Elizabeth Davant's creative journey has come full circle. She began taking studio art classes early in her childhood, continued through high school and into college, receiving a degree in Fine Art from Loyola University of Chicago. After graduation, Elizabeth participated in a few art exhibits, but found the art world daunting and was anxious about creating and sharing her work. She found satisfaction and comfort working with artists in galleries and focused on a career in art administration. Through working with artists, she realized she was not alone in having anxiety as a creative person. She felt a calling to help people learn ways to manage the emotions that can block one from their goals. Her art journey took a detour to focus on becoming a mental health counselor, using art as a healing tool to rediscover the peace of creativity. She went on to graduate from Appalachian State University and earned a MA in community counseling with a certificate in expressive art therapy. Elizabeth spent a decade working as a licensed professional counselor where she witnessed the healing power of the creative process. She has now gone back to painting full time and is excited to focus on creating and sharing her own work.
We are delighted to welcome Elizabeth to Lark & Key. Continue reading for more about her influences, inspiration and process.
How did you get started as an artist?
My mom said that I drew on the walls when I was in the crib. I was identified as a creative child or artist at a young age and took private lessons with a pastel artist by age 12. I went on to study studio arts, specifically drawing, painting and printmaking at Loyola University Chicago. After college, I was hired as a manager of a gallery that specialized in Native American Art, which propelled me into a career in arts administration. I enjoyed working with art, artists and collectors. Unfortunately, my art making was limited to weekends and evenings. Soon I left the gallery world and went on to become a mental health counselor with a certificate in expressive arts therapy. As my career shifted and turned, the one constant was my art making. Over the years, I have continued to explore various mediums and forms of art. I’ve always felt the most complete and at peace when making art and finally have the opportunity to focus on my art full-time.
What are your biggest influences?
I was fortunate to grow up in a Chicago suburb that supported arts education. My schools made multiple field trips to the many museums in Chicago. My favorite museum was the Art Institute of Chicago, specifically, the impressionist collections. I was mesmerized by the ability to use color to create a mood and story. I was also fortunate to be raised by a strong feminist mother who ensured I knew female artists like Frida Kahlo, Camille Claudel, Mary Cassatt, and Georgia O’Keeffe. She wanted me to know about female artists that were courageous and driven to share their voice in a world that didn’t want to hear from women. My current work is inspired by so many creative women that have encouraged me to put my creative spirit front and center. Female artists inspire me to take risks, share my vision and follow my bliss.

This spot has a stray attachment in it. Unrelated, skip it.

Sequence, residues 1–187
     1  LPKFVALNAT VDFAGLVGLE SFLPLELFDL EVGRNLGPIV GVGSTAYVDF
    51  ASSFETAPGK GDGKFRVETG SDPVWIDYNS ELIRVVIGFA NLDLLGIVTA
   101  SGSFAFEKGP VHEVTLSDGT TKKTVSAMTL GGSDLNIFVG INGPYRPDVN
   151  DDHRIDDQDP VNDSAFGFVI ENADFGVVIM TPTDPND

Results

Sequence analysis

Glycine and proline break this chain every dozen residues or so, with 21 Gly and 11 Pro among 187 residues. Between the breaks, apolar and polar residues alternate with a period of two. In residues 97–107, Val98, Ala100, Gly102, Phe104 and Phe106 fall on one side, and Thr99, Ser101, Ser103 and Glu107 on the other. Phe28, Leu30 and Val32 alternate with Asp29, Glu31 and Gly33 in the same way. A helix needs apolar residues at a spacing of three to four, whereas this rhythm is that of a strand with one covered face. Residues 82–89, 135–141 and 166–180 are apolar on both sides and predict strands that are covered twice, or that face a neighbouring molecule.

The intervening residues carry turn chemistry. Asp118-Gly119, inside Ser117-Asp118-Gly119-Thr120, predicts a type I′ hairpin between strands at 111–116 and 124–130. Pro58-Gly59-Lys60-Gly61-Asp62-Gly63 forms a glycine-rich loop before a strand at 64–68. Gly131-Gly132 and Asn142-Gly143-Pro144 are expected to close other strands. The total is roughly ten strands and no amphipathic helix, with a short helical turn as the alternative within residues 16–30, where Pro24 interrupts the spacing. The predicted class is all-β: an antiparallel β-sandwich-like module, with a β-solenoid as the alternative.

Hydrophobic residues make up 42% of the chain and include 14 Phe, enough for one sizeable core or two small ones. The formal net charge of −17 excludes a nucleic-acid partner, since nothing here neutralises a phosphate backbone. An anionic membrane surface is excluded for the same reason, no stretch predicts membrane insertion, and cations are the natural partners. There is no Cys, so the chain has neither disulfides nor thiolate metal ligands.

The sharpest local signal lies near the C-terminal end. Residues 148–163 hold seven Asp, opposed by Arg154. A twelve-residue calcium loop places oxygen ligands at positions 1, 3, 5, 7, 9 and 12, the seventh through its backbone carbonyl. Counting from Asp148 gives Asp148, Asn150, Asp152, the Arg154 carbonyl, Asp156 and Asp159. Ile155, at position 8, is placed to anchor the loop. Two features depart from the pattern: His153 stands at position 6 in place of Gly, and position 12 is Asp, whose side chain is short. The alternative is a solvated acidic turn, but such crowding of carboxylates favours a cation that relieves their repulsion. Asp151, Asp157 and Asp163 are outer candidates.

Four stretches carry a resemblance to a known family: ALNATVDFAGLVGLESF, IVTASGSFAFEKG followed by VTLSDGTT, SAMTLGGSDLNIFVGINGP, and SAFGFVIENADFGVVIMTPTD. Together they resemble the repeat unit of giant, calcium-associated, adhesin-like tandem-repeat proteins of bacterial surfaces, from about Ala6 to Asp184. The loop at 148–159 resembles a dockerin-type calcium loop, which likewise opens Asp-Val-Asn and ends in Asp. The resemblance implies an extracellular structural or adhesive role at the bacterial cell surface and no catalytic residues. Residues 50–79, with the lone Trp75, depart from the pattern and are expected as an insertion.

What five words best describe your work?
Peaceful, calming, soft, atmospheric and textural.
Tell us a bit about your technique.
I draw inspiration from photographs I take on hikes, walks or travel. I enjoy the serendipity of art making, so, I don’t tend to plan out my process and may change the image all together. I begin with a layer of bright bold oil color and then begin to add layers of oil and wax. The wax allows me to carve into the surface to draw images and reveal past color. I’m a fan of mediums that allow me to start over or transform images easily. I get to build and break down the surface.
What is a typical workday like for you?
I tend to spend the first part of my day reflecting on my work, then start mixing colors. I like to mix my own colors and will spend some time creating my palette. Color tends to be my primary focus. Sometimes this can be a problem because I tend to spend more time thinking about color than composition. At some point, time disappears and I get lost in the process. I work on several pieces at a time and will take a few days off of painting to allow layers to dry and to take some time away from my work. A key part of my art making involves spending time outdoors. I walk, garden or hike every day, paying close attention to color, textures and atmosphere.
What is your favorite thing about being an artist?
Working with my hands and making things. I love the ability to take an image that is potentially failing, looking terrible and turning it around - making it something aesthetic. One can see this in nature all the time. A log that has fallen and rotting into the earth may appear ugly, but underneath there are beautiful little mushrooms or amazing green lichen and moss growing all over it. I love the ability to transform.